PNB 3260 Week 4 notes
PNB 3260 Week 4 notes 3260
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This 4 page Class Notes was uploaded by AnnaCiara on Tuesday February 9, 2016. The Class Notes belongs to 3260 at University of Connecticut taught by Dr. Conover in Spring 2016. Since its upload, it has received 14 views. For similar materials see Stem Cell Biology in Physiology at University of Connecticut.
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Date Created: 02/09/16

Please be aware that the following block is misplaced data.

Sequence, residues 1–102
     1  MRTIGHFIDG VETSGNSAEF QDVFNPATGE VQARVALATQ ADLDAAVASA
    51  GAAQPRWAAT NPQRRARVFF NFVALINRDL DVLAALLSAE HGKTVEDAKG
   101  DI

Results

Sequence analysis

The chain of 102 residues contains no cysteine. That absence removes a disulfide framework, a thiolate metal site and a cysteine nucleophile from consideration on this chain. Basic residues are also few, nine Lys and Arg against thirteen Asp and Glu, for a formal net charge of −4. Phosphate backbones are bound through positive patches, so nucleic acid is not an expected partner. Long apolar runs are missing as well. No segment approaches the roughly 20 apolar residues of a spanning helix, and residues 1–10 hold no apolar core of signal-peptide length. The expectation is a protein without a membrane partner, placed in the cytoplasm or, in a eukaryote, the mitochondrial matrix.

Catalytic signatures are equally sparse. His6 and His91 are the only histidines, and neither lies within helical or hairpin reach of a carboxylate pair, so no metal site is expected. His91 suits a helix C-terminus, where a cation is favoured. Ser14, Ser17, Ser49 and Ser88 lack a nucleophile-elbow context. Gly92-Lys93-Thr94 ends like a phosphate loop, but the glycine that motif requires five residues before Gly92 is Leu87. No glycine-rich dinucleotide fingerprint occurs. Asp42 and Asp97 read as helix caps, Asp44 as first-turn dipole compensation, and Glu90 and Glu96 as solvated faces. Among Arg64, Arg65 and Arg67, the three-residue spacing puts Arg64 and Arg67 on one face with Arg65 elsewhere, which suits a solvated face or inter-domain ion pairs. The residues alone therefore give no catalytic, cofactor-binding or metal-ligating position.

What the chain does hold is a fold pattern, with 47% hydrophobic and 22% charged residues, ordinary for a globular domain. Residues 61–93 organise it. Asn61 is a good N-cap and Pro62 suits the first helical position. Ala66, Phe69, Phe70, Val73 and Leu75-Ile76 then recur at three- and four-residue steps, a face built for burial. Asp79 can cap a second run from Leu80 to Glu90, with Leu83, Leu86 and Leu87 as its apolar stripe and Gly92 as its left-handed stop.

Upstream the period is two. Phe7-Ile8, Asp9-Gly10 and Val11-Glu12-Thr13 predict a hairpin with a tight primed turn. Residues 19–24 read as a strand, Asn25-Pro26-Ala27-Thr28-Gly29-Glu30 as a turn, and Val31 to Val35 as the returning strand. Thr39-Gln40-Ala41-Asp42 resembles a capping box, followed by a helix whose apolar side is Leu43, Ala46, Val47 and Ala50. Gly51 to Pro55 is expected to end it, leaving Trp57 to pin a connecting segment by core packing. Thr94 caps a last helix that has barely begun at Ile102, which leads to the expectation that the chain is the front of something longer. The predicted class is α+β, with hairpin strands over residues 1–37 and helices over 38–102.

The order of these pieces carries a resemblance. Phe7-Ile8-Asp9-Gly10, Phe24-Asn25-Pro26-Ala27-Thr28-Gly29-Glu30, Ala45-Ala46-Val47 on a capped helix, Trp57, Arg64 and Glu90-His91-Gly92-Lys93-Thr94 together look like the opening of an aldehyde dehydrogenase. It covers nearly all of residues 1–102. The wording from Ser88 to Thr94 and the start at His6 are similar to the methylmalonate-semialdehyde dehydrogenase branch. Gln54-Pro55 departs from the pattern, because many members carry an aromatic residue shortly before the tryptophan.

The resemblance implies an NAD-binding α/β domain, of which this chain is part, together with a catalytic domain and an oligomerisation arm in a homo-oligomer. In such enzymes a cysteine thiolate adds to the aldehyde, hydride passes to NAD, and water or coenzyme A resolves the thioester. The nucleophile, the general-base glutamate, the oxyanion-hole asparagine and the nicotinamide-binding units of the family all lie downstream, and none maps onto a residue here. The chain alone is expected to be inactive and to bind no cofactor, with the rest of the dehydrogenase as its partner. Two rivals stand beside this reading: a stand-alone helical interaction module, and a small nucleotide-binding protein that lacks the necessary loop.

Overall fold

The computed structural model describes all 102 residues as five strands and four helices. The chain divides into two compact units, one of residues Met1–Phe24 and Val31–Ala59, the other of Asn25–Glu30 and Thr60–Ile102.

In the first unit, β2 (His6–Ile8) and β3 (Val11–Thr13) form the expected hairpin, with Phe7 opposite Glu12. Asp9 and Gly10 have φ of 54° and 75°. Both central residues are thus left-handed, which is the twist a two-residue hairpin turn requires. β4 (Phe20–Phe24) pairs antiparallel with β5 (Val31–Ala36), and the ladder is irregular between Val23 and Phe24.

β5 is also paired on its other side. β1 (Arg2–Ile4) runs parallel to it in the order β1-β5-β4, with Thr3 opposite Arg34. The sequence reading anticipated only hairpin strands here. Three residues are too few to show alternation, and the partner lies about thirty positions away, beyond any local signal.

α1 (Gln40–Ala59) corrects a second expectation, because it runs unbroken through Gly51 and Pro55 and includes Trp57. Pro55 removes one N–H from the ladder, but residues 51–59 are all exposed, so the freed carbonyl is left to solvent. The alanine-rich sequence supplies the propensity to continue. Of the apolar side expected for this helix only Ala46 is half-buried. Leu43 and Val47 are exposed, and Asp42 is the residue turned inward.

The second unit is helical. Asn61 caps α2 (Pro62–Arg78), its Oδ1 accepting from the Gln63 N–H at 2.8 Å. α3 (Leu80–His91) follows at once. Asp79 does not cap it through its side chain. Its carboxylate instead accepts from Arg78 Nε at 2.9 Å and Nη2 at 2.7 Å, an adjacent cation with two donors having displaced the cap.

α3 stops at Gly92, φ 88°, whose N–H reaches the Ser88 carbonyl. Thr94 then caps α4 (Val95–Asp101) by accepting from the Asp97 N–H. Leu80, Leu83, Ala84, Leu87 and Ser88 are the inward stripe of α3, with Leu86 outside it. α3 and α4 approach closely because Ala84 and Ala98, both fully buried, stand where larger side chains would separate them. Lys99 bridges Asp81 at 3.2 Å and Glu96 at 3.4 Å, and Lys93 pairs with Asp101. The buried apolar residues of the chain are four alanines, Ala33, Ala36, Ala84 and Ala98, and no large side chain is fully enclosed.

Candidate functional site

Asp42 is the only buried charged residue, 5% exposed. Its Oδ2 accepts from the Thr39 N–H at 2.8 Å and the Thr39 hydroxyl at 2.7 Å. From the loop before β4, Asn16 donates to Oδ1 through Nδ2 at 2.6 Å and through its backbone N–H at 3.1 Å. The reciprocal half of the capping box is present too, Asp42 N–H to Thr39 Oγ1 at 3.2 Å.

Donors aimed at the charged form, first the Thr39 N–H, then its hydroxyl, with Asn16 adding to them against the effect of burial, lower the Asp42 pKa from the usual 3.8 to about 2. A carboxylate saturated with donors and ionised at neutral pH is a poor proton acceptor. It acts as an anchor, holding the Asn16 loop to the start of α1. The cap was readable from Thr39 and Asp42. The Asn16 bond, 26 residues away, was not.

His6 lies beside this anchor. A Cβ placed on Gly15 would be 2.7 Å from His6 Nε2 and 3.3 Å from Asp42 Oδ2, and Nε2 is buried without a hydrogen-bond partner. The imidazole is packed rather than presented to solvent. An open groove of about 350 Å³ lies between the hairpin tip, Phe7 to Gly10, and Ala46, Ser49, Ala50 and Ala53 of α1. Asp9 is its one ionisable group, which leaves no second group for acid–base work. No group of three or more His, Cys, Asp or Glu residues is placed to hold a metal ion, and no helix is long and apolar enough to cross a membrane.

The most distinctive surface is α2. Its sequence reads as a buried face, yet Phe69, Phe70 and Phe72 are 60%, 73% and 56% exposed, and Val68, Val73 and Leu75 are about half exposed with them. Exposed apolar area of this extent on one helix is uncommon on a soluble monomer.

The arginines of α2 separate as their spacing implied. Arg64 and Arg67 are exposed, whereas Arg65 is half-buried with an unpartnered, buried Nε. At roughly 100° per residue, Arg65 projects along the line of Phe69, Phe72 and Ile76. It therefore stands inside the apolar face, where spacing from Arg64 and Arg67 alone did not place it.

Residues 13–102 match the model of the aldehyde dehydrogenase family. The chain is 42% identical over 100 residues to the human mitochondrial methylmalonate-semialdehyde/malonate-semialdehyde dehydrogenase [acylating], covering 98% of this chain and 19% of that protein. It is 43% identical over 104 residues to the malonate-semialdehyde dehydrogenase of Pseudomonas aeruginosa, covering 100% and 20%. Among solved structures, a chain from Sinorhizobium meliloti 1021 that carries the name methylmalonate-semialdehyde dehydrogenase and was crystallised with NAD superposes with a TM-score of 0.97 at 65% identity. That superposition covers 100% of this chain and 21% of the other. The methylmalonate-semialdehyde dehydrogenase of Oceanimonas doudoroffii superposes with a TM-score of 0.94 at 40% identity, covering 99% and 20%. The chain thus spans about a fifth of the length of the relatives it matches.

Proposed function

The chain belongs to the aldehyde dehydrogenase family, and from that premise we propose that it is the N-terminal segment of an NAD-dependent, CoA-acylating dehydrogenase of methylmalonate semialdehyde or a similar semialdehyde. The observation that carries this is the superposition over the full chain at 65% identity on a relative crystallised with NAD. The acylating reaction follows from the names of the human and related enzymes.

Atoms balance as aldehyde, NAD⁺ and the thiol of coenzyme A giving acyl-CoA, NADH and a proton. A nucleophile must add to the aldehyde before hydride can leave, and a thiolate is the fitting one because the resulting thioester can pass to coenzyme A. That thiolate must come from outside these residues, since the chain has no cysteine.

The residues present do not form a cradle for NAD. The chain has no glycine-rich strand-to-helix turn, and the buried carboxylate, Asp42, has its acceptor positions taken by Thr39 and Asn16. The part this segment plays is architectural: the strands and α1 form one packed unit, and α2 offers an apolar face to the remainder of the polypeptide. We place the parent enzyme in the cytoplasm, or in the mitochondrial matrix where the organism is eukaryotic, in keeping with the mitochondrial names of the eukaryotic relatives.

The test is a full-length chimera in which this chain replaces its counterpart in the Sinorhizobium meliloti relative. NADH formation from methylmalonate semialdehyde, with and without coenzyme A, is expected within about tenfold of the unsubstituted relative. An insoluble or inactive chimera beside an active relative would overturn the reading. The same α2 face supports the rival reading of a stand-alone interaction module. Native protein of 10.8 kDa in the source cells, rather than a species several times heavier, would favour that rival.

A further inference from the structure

Week 4 PNB 3260 Lecture Notes Lecture 7 - Student talks on papers Therapeutic Translation of iPSCs for treating neurological disease History neurogenetic disorders modeled first then sporadic disease Patterns in specific diseases important for modeling synaptic defects are different in vivo Bench and Bedside = working with clinicians Targeted Genome Modification goal: find similarities between disease phenotype in the lab (dish) and in vivo Challenge to goal - lower variability worst to best o ZFNs (zinc-finger nucleases) o TALENs (transcription activator-like effector nucleases) o CRISPR/Cas system - clustered regularly interspaced palindromic repeats can use more than one mutation if diseases aren't genetic (they are sporadic) harder to model because it's complex lineage specific cells can be used for sporadic cases Neighboring cells important to consider role of neighboring cells use other fields to learn about entire environment of the cells Microfluidics 3D growth allows multiple lines to be grown at once were able to differentiate half and leave half undifferentiated - ability to choose helps look at bigger picture: structure and function rather than single cell basis Microelectrode Array record activity between dif populations of neurons can be combined with microfluidics useful for long-term culturing limitation: accessibility- can't record intracellular potentials iPSC applications ultimate goal: total regeneration of disease tissue other goals: o drug development only 10% make it past safety concerns to be tested benefits of iPSCs in drug specificity disease specificity human specificity high-throughput screening (HTS) - conduct multiple tests at once o Transplantation therapies human fetal neural stem cells (fNSCs) may not work as well as iPSCs Retinal degeneration differentiated ESC and iPSC to functional rod photoreceptors no tumorgenesis in this study no immunorejection Bench to Bedside Perfecting cell line's safety and efficacy In Vivo reprogramming in humans transdifferentiation of cells fibroblasts and astrocytes from humans o put in 3 growth factors: Ascl!!, Brn2a, Myt1l o became neuronal cells ipscs in clinical and commercial area commercial o mostly based of unsubstantiated data Stem Cell Reports - PAPER #2 iPSCs to treat ALS in mice degeneration of upper and lower motor neurons mostly contralateral but also ipsilateral corticospinal tract mSOD1 mutation associated with familial associated with ~20% sporadic cases 2 main hypotheses 1) Glia play a significant enough role in the ALS phenotype that manipulating these cell types will have an observable effect; 2) hiPSCs can be used to generate glial cells that will effectively replace those damaged in ALS, and restore normal glial functionality. hiPSC-GRNPs glial rich neural progenitors Some mice got hiPSC-GRNPs then littermates got PBS control Male mice had better improvements but died earlier than female mice introduction into in vivo increased amount of neurotrophic factors present mSOD1 induces oxidative stress males may be more vulnerable to this stress VEGF caused enhanced blood vessel production? VEGF may be reason for increased life span Study would have had to continue longer to prove it doesn't result in tumorgenicity Lecture 8: Dr. Radmila Filipovic Reprogramming of somatic cells to iPSCs Need autologous cells to avoid host rejection Often fibroblast cells used, hepatocytes also used use transcription factors reverse steps of programming to reprogram a cell Zygote is totipotent Pluripotent multipotent: gives rise to dif cell types in lineage ICM/ES Unipotent: give rise to only one cell lineage Stages of development are mimicked in reprogramming zygote-->2 cell-->4 cell-->8 cell-->16 cell-->early blastocyst-->late blastocyst Regrogramming strategies somatic cell nuclear transfer into eggs cell fusion -differentiated with undifferentiated introduction of transcription factors into adult cells using retroviruses use of transcription factors in viruses that don't integrate into DNA- e.g. adenovirus small molecules to reprogram RNA reprogramming???? Generation of iPSCs from MEF cultures via 24 factors start with mouse embryonic fibroblasts-MEF (fetal human embryonic cells) introduce transcription factors Test for pluripotency by staining with various biomarkers Factors narrowed down from 24 to 4 Oct4 is rich in the ICM in blastocyst Yamanaka described these 4 factors Validation of iPS 1) teratoma (type of tumor) formation from ipsc ability to form different tissues: ectoderm, endoderm, mesoderm, in vivo 3) germline competent adult mice chimera formation after iPS injection in blastocyst o ipsc are giving rise to embryo Kinetics of iPS reprogramming reprogramming using virally encoded transcription factors takes many days and not all markers of pluripotency are activated together- also low frequency of success originally 0.05% now up to 2% with retroviral infection 10% with 4 factors + valproic acid (VA) Models Elite model o predetermined: small number of cells are competent for reprogramming o induced: only cells with specific viral integration sites are competent for reprogramming Stochastic model: all cells are competent for reprogramming o most supported model Waves of molecular events underlie cellular reprogramming early phase: mesenchymal to epithelial transition, MET, Cell cycle, decrease cell contact, decrease cell adhesion, microRNA expression, decreased differentiated cell markers, chromatin modifications intermediate phase: partially reprogrammed cells, resistant cells late phase: increase in pluripotency markers, DNA methylation, microRNA expression Summary of properties of Oct4, Klf4,Myc, and Sox2 Oct4 critical for making ICM cells pluripotent, active during INTERMEDIATE phase c-Myc enables self-renewal, active during EARLY phase Klf4 helps to upregulate Oct4 in embryoid bodies -i.e. supports self renewal, active in EARLY and LATE phase Sox2 maintains differentiated status, active Will these 4 factors work in humans? done with the 4 Yamanaka factors done with variation of the 4 -Thomson: Oct3/4, Sox2, Nanog, LIN28 o worked to generate first line of human iPSCs Other cells that can be reprogrammed bone marrow, hepatocytes, gastric epithelial cells, pancreatic cells, neural *** Other ways to make iPSCs because retroviruses integrate into the genome there is interest in finding other ways to make iPSCs non integrating viruses carrying transcription factors (adenoviruses) small molecules direct application of proteins plasmids (genes cloned in bacteria) using micro RNAs Direct conversion of fibroblasts to functional neurons by defined factors done without making ipscs then differentiating them 3 factors: BAM: Brn2, Ascl1, Myt1l neuron-like morphology in 3 days form functional synapses efficiency up to 19% o not all are completely mature o some can fire action potentials with other cell types narrow 19 factors down to 3 to be important for the reprogramming Modeling schizophrenia using human induced pluripotent stem cells treatment with antipsychotic drug improves connectivity Advantages of iPSCs over hESCs for preclinical studies disease specific iPSCs provide renewable source of human cells with genetic background sensitive to disease pathology one of the reasons why clinical trials failed to examine the effectiveness of drugs is that the effect of a drug maybe different between patients with different underlying mutations recently iPSC-derived dopaminergic neurons are used to screen group of compounds for neuroprotective Takahashi studies with photoreceptors